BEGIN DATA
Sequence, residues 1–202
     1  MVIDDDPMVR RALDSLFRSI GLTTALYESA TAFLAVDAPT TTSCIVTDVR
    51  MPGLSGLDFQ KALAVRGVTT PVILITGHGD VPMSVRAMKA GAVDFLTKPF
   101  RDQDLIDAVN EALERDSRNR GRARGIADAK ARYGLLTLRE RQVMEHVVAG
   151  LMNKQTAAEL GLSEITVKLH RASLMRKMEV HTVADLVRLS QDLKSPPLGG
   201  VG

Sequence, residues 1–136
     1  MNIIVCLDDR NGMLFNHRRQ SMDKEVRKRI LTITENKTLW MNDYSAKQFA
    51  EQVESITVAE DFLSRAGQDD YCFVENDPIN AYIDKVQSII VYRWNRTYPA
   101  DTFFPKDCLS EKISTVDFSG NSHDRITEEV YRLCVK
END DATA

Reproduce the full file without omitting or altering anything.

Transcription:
Sequence, residues 1–202
     1  MVIDDDPMVR RALDSLFRSI GLTTALYESA TAFLAVDAPT TTSCIVTDVR
    51  MPGLSGLDFQ KALAVRGVTT PVILITGHGD VPMSVRAMKA GAVDFLTKPF
   101  RDQDLIDAVN EALERDSRNR GRARGIADAK ARYGLLTLRE RQVMEHVVAG
   151  LMNKQTAAEL GLSEITVKLH RASLMRKMEV HTVADLVRLS QDLKSPPLGG
   201  VG

Sequence, residues 1–136
     1  MNIIVCLDDR NGMLFNHRRQ SMDKEVRKRI LTITENKTLW MNDYSAKQFA
    51  EQVESITVAE DFLSRAGQDD YCFVENDPIN AYIDKVQSII VYRWNRTYPA
   101  DTFFPKDCLS EKISTVDFSG NSHDRITEEV YRLCVK